Most of my reason for learning to make it was in case I ever needed to. It is fun to do and it makes great gifts, but I am most interested in learning a valuable skill and acquiring the basic things I would need (thermometer, scale, etc.). Now that I have competently made basic soap, the next step would be to try and render lard and create my own lye from wood ashes and rain water. Ideally, I would go ahead and practice that now, but with all that is more pressing at the moment, I think I will just make sure I have a printed copy of the instructions for those processes. (I know in theory that the lye water is strong enough when an egg almost floats in it, etc. but in practice, it may be a bit less straightforward).

      I still buy a large multi-pack of commercial soap every month, though I have varied the brand I buy a little. Then I’ll have some choices later in case someone has sensitive skin. I try to be sure the brands I’m buying do not contain “anti-bacterial” ingredients, though.

      Thanks for your comment. You make a very valid point. If cost for the final product was my only consideration, I would not bother learning to make soap myself because I have plenty to do without picking up a hobby. As I told Joe just yesterday, I will most likely try to make a batch using different recipes every few months just to be sure I don’t have the opportunity to forget. If I get sloppy or forgetful and add water to the lye rather than the opposite, that could be problematic.


      • Practical Parsimony Says:

        Reconsider antibacterial soap. I never use any antibacterial soap. But, in an emergency with little recourse, antibacterial soap can be used to wash a wound or around a wound to keep down an infection. I only have one six-bar pack, and that is all I intend to store. I only use Dove, but do have other brand soaps.

        Learning to make soap is more about learning a skill and knowing what ingredients you are putting on your skin. I don’t know many bloggers or preppers who make soap to save money.


  4. Lauri Hansberger Says:

    read your store bought “soap’if it says deoderant bar it is not soap, dove beauty bar is not soap, there is a rule on what can and can’t be called soap in the stores, so do you really know what it is you are buying, soap or detergents?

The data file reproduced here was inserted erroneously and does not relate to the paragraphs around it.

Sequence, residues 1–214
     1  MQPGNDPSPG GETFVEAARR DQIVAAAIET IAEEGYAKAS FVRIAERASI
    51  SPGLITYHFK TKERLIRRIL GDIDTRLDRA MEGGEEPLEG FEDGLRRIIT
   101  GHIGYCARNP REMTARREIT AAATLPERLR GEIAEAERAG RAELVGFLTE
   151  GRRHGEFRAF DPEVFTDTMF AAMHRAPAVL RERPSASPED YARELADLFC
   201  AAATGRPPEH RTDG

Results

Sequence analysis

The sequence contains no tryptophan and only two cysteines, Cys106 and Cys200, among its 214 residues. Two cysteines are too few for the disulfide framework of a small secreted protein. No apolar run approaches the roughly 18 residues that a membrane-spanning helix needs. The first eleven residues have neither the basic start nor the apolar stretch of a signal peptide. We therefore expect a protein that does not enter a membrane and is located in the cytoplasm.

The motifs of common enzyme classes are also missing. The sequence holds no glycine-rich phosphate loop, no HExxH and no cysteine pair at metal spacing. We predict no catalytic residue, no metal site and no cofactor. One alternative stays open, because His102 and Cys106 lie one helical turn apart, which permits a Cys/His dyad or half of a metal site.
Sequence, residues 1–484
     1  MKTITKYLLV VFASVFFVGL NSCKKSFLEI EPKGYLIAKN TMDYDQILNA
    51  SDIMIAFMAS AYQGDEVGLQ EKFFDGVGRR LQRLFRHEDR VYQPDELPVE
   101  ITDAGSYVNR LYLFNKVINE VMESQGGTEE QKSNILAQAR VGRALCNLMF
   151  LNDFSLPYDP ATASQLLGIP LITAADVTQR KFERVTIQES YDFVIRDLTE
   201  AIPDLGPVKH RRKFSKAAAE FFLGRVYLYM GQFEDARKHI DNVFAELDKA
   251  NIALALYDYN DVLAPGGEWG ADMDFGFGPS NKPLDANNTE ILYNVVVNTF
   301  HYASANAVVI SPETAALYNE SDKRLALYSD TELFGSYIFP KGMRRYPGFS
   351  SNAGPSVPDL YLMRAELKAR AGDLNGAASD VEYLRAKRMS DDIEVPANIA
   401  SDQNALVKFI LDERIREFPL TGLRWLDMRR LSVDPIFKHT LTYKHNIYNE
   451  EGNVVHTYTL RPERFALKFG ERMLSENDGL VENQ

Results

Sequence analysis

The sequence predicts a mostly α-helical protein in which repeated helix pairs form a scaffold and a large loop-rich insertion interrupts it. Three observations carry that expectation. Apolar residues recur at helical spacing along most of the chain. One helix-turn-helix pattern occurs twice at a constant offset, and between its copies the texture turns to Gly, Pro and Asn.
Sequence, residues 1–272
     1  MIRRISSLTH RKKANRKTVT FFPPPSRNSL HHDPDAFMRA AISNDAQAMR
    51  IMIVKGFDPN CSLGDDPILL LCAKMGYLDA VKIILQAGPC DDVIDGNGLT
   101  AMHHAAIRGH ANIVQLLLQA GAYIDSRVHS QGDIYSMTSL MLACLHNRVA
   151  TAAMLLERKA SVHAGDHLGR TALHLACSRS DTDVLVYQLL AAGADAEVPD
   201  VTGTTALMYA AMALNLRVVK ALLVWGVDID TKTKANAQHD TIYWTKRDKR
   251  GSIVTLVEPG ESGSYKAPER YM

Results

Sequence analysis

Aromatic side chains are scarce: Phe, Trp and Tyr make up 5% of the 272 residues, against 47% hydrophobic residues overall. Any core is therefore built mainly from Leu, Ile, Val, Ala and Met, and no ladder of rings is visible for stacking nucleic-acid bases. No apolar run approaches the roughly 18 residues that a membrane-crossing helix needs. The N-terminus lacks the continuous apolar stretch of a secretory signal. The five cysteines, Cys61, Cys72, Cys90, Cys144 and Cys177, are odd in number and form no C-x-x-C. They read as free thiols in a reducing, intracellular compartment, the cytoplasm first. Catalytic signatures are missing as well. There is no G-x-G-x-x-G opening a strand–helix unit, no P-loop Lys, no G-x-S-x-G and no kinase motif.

Don’t forget, plain castille soap, no scent, or skin sofeners, can be put thru a grater and used for washing laundry, vinegar for rinse agent, better for allergies.


    • Laura Says:

      Thanks for mentioning those points. That is a rule of thumb I haven’t looked at yet- whether “deodorant” on the front of the package automatically means “detergent” vs. “soap.” That could save some time picking up every brand out there. Will have to look next time.

      Ivory seems to be one of the better commercially made soaps. At least, so says this site.


      • Hirondina Says:

        Yes, we do plan to include herbs and flroews from the garden. We wanted this first batch to be the basic coconut, olive and palm oil soap. Our next batch will probably be Oatmeal Honey, but I definitely want to experiment with our lavender. Coloring with plants and spices and adding fragrances will be exciting. As far as the time, really it only took us a little over an hour to make the actual soap. Like you, the only thing that has stopped me was dealing with the lye and it’s really not that bad as long as you take precautions (goggles, gloves and long sleeves) and treat it with respect like any other chemical. That website link really gave me the confidence to proceed. Thanks for dropping by and commenting.


  5. pioneerinthesuburbs Says:

    I have made a ton of soap and lavender is the most popular. I add a tablespoons of ground up lavender flowers and about half a small bottle of lavender essential oil. I started making my own because I’m allergic to the commercial ones. My recipe:
    1 3lb can of veg shortening melted
    12 oz cold water
    8oz by weight pure lye crystals
    Assorted essential oils/herbs

    Follow cold process soap making procedures.
    Cure for 3 weeks

    Cost is about $6 for 16 bars

    You can grate this up, mix with water and make hand soap or grate a bar 1c. borax and 1 c. washing soda to make laundry soap.


  6. Meagan Says:

    Did I miss the soap recipes somewhere? This is definitley a skill that is on my to do list to learn. 🙂


  7. Jacqueline Says:

    To use a non silicone mold and get the hardened soap out easily always line your mold with waxed paper or parchment paper. I also oil the paper lightly with one of the oils used in the soap. My favorite soap method is hot process in a crock pot. the finished product is complete much faster as most of the curing is completed in the pot.